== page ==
Home prices are holding up and demand is strengthening, but new listings continue to drop as the coronavirus outbreak takes a toll on the economy, according to the latest market data. Plus, condos are getting hit the hardest.
Prices Are Showing Resilience
We reported last week that asking-price growth had stopped falling. Now, it’s actually increasing; the median asking price for listings of new homes was $307,000 for the week ending April 19, up 3% from the same period last year. That gain is inflated due to the Easter holiday timing in 2019, but it may come as a surprise to some that prices aren’t down double-digits right now.
Demand Is Strengthening
Home-buying demand dropped 19% last week from pre-coronavirus levels after falling as much as 34% at the start of April. This is based on a new measure we’re introducing, which compares the daily number of homebuyer inquiries, regardless of whether the homebuyer is served by a Redfin agent or one of our partners, to the average daily number of inquiries in January and February, on a seasonally adjusted basis.
Condos Are Taking a Relatively Big Hit
The typical single-family home on the market as of April 18 had been active for five days longer than this time last year, a significant reversal from March, when the typical home had been active for 20 fewer days than the prior year. The typical condo on the market as of April 18 had been active for eight days longer. Similarly, pending sales were down 56% year-over-year for condos and townhomes last week, a more severe drop than the 46% decline for single-family homes.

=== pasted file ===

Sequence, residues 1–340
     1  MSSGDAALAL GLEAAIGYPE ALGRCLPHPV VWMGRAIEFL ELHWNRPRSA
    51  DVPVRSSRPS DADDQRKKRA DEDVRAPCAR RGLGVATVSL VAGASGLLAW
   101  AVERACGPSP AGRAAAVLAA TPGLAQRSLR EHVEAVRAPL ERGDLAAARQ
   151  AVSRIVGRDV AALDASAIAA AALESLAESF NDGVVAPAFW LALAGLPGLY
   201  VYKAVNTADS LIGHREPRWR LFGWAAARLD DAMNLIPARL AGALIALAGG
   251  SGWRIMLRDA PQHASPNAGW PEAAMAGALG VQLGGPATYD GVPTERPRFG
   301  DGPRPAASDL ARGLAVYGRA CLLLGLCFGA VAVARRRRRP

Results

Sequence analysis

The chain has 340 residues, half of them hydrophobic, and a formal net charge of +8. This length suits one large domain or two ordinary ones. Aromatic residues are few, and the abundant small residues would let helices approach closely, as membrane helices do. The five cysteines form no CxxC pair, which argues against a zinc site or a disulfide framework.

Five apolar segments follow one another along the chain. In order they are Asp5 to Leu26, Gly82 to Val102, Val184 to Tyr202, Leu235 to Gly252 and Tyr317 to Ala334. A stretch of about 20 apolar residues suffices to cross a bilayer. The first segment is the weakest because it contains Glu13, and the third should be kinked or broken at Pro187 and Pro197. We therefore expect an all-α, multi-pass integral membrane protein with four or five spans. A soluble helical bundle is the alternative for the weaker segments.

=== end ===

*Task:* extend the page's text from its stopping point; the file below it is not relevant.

Speedy Sales Are on the Decline
The share of homes snatched off the market within two weeks dropped 6% last week from the same period in 2019, following a 4% increase at the beginning of this year. Overall, homes are sitting active on the market four days longer now than they were at this time last year. That’s up from the one-day increase we reported last week.
Deals Are Taking Longer to Close
The typical home that sold during the four weeks ending April 13 took 28 days to close—1.6 days longer than the same period a year ago. Some deals are being delayed as lenders grapple with an influx of refinance applications, while others are being postponed because borrowers are having trouble getting funding due to stricter lending requirements, Redfin lead economist Taylor Marr said.
New Listings Continue to Tank
There were 48,965 new-home listings last week, down about 50% from a year ago. That marks a significant pullback from the 33% decline we reported at the beginning of April.